Pet peeve time. It’s _devistation_, not decimation. I hate that the incorrect use of that word has crept into professional writing. Like nails on a chalkboard to me.

    The living Shore is now on order thanks to your article, been looking for a book like this to give to a friend who still can’t grasp that fishing with dynamite is a bad idea…

  • Fuji Mama

    I love hearing about new books. I’m with you, I love the anticipation of holding a book in my hands. Maybe I’ll change, but I can’t seem to lose myself in a Kindle, or reading something on a computer screen, the way I can when I’ve got my nose in a book. Sometimes I’m dead to the world. Why is it that we are so bent on using cups and measuring spoons here in the US? Scale cooking is SO much easier!

  • Bob delGrosso

    “Notes On Cooking: A Short Guide to an Essential Craft, published this past spring, and very much in the spirit of my Elements of Cooking”

    Based on the cover alone, I’d say this was an understatement. Did he have the same designer?

  • ruhlman

    bob, no, not same designer.

    claire, while decimation used to mean kill off one tenth, it’s general use is now, according to my Webster’s: “to destroy or kill a large part of.” Devastate means to “lay waste to” to utterly destroy from the Latin, to make empty. Too strong a word here, but, sadly, only just too strong…

  • brandon b

    I had the good fortune of working on a small oyster farm in brewster, mass. on my vacation this summer. As a chef I learned more about oysters in those 2 days than i have learned in my whole career. Cant wait to read this book, they are a very importanat part of the scheme of things in the ocean. I want to come buthcer hogs with you and Brian!!!!

  • Bob delGrosso


    It’s odd how a word that used to refer to the killing of every tenth soldier in an army by way of instilling fear and inspiring obedience in the remaining 90% could come to have a more general meaning.

  • Rhonda

    Chef del Grosso:

    I know!

    Apparently, this term (decimation) applies to oysters as well as Professional Cooks.

    Who knew?

    I think the difference is Nature vs Chef CIA Instructors but I could be wrong.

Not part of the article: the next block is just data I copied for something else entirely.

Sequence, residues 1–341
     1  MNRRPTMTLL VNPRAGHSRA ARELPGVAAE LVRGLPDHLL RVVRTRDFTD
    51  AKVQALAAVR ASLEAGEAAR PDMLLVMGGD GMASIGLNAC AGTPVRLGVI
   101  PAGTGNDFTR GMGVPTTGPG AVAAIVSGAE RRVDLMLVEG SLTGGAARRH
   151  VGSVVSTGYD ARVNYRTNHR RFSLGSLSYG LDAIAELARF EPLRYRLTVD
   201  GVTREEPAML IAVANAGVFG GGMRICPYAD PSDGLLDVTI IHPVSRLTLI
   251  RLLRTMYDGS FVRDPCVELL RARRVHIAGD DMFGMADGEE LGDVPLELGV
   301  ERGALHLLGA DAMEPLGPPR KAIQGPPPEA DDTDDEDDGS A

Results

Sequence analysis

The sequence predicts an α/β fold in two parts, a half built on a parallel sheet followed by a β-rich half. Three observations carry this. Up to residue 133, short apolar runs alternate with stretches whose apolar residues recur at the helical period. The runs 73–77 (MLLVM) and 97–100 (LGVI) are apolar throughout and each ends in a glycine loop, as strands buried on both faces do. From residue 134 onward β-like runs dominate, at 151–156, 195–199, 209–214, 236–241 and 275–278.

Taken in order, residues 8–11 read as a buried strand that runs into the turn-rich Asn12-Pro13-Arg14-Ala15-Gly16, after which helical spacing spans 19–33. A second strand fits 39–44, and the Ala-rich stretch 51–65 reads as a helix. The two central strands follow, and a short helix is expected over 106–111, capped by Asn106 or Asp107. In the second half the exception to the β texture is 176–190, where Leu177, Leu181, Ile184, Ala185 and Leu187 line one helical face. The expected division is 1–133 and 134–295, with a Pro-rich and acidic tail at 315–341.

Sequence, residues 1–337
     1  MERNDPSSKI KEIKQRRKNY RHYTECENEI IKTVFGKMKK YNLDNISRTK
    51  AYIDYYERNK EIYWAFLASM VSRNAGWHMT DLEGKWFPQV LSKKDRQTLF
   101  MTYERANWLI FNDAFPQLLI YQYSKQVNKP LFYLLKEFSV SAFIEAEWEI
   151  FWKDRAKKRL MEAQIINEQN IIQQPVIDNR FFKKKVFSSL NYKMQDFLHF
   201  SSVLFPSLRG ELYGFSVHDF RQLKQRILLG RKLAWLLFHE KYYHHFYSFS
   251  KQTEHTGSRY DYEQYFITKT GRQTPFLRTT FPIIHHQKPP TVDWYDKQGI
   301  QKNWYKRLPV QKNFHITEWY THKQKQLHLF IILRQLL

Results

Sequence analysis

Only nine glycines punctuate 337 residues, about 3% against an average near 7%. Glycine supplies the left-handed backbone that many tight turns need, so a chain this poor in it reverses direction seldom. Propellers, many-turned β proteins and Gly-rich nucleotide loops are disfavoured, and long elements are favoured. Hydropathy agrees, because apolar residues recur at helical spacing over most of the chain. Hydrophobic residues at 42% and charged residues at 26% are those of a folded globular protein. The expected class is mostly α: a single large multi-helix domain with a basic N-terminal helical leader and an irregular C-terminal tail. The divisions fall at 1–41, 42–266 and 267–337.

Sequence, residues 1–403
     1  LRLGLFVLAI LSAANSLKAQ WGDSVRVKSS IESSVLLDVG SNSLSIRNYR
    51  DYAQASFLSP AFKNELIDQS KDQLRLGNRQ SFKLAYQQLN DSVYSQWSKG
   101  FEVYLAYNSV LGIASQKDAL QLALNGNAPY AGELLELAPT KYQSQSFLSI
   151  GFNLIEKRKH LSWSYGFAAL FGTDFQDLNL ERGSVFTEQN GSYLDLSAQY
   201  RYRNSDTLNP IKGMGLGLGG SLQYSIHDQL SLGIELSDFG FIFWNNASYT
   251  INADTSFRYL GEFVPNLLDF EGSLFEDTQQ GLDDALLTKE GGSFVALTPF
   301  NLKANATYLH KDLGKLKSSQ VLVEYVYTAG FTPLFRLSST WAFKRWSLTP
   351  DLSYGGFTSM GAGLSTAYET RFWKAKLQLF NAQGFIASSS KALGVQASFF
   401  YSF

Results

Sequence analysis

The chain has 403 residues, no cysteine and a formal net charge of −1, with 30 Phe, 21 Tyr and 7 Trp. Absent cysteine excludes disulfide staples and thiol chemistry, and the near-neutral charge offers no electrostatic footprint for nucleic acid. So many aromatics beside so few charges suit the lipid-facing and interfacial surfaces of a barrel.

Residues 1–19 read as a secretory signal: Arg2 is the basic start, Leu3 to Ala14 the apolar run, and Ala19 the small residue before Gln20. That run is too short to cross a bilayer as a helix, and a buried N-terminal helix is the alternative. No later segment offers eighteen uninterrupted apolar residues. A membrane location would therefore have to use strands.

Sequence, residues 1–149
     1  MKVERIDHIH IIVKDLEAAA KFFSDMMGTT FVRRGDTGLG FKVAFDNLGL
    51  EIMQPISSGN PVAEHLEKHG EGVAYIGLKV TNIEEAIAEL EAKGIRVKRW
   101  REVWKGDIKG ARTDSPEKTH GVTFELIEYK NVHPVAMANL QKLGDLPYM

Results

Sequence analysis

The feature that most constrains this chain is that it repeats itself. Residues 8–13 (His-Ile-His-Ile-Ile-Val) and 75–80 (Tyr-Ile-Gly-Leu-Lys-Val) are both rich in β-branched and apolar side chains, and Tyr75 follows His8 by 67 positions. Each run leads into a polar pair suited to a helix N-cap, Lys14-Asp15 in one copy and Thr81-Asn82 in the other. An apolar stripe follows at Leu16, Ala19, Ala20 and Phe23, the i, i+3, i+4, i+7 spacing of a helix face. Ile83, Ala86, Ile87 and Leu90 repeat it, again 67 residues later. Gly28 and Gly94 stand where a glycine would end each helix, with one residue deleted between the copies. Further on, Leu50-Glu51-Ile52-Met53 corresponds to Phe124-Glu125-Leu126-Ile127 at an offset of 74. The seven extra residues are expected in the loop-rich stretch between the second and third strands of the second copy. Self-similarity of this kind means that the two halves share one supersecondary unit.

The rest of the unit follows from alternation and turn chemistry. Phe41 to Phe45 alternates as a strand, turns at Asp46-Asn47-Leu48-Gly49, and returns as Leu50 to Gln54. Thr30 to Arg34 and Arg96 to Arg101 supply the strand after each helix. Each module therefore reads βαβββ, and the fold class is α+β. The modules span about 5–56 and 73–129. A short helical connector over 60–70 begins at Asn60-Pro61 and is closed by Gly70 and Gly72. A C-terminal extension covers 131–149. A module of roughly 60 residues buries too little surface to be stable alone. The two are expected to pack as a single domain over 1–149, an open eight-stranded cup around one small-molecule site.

I say this with the deepest fear and Respect.

    Okay, maybe not so much fear because, seriously, we have to create anew. Food is getting boring again.

    Let’s settle on deepest respect for you, Chef Pardus and technique

  • luis

    I have the same problem with Kindle. I love cookbooks that is no secret. A well illustrated cookbook is something I can not pass up easily.
    Got both kinds… unillustrated cook books and illustrated cookbooks. But I appreciate the illustrations a great deal. Someone dragged me to a bookstore today..(I buy cheap books mostly in estate sales and at Amazon) but once in the bookstore at the clearance table I found two outstanding books and bought them. One of them is from Bourdain…( Is amazing the guy can write books that well..) The other is about Asian cooking. As I contemplate retirement in the next few months or years reading and researching and learning seems almost as great as fishing or golfing.

  • Deb Chance

    I really enjoy reading your blog and find everything about it a valuable resource. I would love it if you checked out my website,, and considered writing about my invention, a solution to hot food getting cold on the plate during a meal. It would be an honor if you thought it was a viable product. Thank you!

  • John

    I found your site and Chef Eric’s through a link at Ms Glaze’s site. I read you books and co-authored cookbooks, wasn’t aware of your site. You should get Chef Eric to link to Ms Glaze’s site like you do. After all she works for him and publizes his site. Are you publishing anything new? John